{ The extended FLEX compiler infrastructure[11], which translates the source
     program into a program representation useful for testing.
 {   A test tuple generator that generates paths based on object manipulations.
 {   A Java graphical user interface that displays the source code and information
     corresponding to the component under test.
 {   The daVinci toolkit[8], which displays the program representation in a high
     quality manner, and facilitates communication with the Java GUI, allowing
     interaction between the graphical program representation and the source
     code and testing information.
 {   A code instrumentation tool.
 {   A trace analyzer, which provides coverage information about an executed
     program based on a given set of test tuples.

    The major contribution of this work is a systematic framework for integration
testing. The framework is based on a testing technique that focuses on object
manipulations, and is capable of analyzing incomplete programs. Unlike previous
work, the technique addresses the common situation of instance variables being
objects and not primitive types.
    The remainder of this paper is organized as follows. Section 2 provides back-
ground information on testing and object manipulations. An overview of TATOO
is given in Section 3. Sections 4 and 5 describe the details of the TATOO subsys-
tems. In Section 6, we evaluate the overhead attributed to the use of the program
representation. Finally, we conclude with possible extensions to the tool.
2 Underlying Testing and Analysis Technique
There are two main testing philosophies, namely, black-box and white-box testing.
Black-box testing [2] does not use any knowledge of the internals of a program.
The program is a black-box in which information about the source code is un-
known; we only know what is provided from a program speci cation. Black-box
tests are designed to uncover errors, but the focus of such testing is on verifying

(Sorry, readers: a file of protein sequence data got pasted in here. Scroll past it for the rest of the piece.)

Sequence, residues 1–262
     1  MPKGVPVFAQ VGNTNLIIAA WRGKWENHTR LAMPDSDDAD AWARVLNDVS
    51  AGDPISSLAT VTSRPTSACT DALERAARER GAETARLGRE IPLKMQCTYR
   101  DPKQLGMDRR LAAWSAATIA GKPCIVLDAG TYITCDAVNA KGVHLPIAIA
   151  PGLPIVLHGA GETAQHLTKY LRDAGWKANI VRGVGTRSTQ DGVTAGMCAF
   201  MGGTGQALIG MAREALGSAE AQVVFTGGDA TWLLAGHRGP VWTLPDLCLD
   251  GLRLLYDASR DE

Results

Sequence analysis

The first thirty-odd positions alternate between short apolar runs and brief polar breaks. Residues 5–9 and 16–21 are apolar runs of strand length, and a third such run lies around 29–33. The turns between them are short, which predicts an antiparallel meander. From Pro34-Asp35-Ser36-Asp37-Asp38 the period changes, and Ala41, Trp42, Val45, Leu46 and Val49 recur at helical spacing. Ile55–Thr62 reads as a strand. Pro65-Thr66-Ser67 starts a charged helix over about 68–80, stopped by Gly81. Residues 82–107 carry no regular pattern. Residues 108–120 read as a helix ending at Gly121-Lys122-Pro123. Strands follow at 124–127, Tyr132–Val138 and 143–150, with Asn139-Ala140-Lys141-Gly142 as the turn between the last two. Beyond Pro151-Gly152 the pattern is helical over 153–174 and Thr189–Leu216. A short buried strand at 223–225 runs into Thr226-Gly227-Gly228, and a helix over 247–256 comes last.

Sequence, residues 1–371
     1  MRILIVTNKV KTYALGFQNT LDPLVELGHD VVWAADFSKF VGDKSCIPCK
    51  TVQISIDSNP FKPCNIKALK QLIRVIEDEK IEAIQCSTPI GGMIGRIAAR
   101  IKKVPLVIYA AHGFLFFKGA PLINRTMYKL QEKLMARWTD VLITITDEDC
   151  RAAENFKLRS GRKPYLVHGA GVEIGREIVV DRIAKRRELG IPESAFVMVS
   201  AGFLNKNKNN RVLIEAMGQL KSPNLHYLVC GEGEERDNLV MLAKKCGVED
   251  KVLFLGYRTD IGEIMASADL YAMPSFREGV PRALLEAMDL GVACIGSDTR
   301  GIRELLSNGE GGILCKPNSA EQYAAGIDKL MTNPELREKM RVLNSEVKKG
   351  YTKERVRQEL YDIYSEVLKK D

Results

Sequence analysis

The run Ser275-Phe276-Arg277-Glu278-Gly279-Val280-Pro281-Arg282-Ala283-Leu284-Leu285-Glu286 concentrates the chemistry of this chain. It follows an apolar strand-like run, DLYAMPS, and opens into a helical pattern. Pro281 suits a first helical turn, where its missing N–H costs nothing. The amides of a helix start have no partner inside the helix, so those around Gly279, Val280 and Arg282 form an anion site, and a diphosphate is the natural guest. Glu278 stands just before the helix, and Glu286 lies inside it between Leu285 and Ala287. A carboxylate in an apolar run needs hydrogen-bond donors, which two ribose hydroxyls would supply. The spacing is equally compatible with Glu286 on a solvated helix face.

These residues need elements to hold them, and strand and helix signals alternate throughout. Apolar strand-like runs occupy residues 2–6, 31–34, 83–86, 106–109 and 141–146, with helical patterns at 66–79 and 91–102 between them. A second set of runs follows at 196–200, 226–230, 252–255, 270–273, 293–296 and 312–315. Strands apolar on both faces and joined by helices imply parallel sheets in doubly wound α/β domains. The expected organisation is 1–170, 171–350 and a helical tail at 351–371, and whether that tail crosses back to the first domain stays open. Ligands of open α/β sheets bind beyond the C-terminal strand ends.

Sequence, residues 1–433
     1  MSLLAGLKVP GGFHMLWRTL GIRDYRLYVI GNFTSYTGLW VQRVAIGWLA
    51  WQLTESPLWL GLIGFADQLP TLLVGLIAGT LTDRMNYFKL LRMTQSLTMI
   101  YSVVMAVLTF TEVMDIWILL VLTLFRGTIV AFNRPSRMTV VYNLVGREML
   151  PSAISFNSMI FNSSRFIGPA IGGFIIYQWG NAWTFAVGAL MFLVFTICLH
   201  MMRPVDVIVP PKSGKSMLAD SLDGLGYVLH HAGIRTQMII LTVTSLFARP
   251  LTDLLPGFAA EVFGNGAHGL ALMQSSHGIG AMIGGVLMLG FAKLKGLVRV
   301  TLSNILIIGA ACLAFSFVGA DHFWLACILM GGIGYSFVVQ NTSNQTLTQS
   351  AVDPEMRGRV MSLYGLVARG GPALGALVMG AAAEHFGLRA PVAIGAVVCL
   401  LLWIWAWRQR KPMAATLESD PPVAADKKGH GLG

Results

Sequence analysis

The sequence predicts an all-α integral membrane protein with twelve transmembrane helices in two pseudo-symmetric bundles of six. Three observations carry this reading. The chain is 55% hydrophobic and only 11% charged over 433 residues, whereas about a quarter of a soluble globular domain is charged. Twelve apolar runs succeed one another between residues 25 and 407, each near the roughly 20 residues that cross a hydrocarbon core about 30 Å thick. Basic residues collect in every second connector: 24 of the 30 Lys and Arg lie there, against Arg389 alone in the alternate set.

that a speci ed function operates according to the speci cation. Black-box test-
ing has also been referred to as functional testing or speci cation-based testing.
    White-box, structural, or code-based testing techniques are based on knowl-
edge of the code. White-box testing is not an alternative to black-box testing; in
fact, they complement each other and both should be performed. Test cases are
derived through examining the program code and using well-de ned data ow
or control ow information about the program. Control ow-based techniques
are motivated by the intuition that covering di erent control- ow paths would
exercise a large proportion of program behaviors. For example, branch testing [7]
is a control ow based testing method, which is based on exercising all the true
and false outcomes of every branch statement. The general idea behind data
  ow testing [14, 10], is to generate test data based on the pattern of data used
throughout a program.
    Data ow testing is based on the premise that testing paths that read and
write values stored into the same memory locations tests the behavior of a pro-
gram in terms of its manipulation of data. More speci cally, data ow testing is
based on def-use pairs in a program, where a def of a variable is an assignment
of a value to the variable via a read or assignment operation, and a use of a
variable is a reference to the variable, either in a predicate or a computation.
A def-use pair for variable v is an ordered pair (d,u) where d is a statement in
which v is de ned and u is a statement that is reachable by some path from d,
and u uses v or a memory location bound to v. Data ow testing uses def-use
pairs in order to generate paths through the de nition and use statements in the
code. Then test data is generated based on those paths. The idea is that for each
de nition in the program, we want to exercise all of the uses of the de nition.
    Systematic testing techniques are categorized into di erent levels of testing.
First, unit testing of object-oriented programs focuses on validating individual
classes. As classes are combined or integrated together, integration testing is